Over-expression, purification, crystallization and data collection of a single stranded DNA binding protein from Sulfolobus solfataricus

ID Kerr, RIM Wadsworth, W Blankenfeldt, AG Staines, Malcolm Frederick White, James Henderson Naismith

Research output: Contribution to journalArticlepeer-review

5 Citations (Scopus)


Single-stranded DNA-binding proteins are recruited when single-stranded DNA is exposed by disruption of the duplex. Many important biological processes such as DNA replication can only occur when the two strands of the duplex are separated. A defining trait of these proteins is the presence of the so-called OB fold. The single-stranded DNA-binding protein of the crenarchaeote Sulfolobus solfataricus has a number of interesting differences and similarities to both the eubacterial and eukaryotic homologues. It has an extended C-terminal tail with significant sequence identity to a similar region in the eubacterial protein. However, the sequence of the OB fold is much more like the eukaryotic and euryarchaeal proteins. The S. solfataricus protein remains a monomer in the absence of DNA but rapidly polymerizes upon binding - a behaviour not seen in the Escherichia coli protein. The protein has been overexpressed, purified and crystallized. The protein crystallizes in two related forms, both having space group P6(1) (or P6(5)) with approximate unit-cell parameters a = b = 75, c = 69 Angstrom, but the crystals are distinguished by their size and morphology. The larger crystals are hexagonal bipyramids and are merohedrally twinned, diffracting to 1.34 Angstrom with diffraction observed to 1.2 Angstrom. Smaller needle-like crystals diffract to about 2.0 Angstrom but are not twinned. Molecular-replacement attempts have failed owing to low identity with available search models. The structure will be determined by multiple-wavelength methods.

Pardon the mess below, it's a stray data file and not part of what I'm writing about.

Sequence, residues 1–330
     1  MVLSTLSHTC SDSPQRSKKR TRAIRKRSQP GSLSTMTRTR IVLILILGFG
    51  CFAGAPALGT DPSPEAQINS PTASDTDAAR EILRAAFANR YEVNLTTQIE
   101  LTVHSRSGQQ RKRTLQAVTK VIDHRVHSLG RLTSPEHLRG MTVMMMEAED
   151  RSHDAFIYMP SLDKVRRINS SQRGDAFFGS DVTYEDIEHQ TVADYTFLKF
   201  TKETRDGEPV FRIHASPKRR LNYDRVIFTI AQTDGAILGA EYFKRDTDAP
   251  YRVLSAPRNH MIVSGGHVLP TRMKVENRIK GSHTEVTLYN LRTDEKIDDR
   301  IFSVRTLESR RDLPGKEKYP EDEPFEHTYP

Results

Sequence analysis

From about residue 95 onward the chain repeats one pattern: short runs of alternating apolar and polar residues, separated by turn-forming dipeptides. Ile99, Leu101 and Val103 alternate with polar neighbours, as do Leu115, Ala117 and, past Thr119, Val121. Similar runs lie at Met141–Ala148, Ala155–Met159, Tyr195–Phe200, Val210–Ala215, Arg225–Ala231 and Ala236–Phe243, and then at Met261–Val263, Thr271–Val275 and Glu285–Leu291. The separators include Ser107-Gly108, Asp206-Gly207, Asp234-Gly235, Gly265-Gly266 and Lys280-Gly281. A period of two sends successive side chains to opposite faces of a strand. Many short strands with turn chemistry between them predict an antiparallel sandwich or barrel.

Original languageEnglish
Pages (from-to)1290-1292
Number of pages3
JournalActa Crystallographica. Section D, Biological crystallography
Publication statusPublished - Sept 2001


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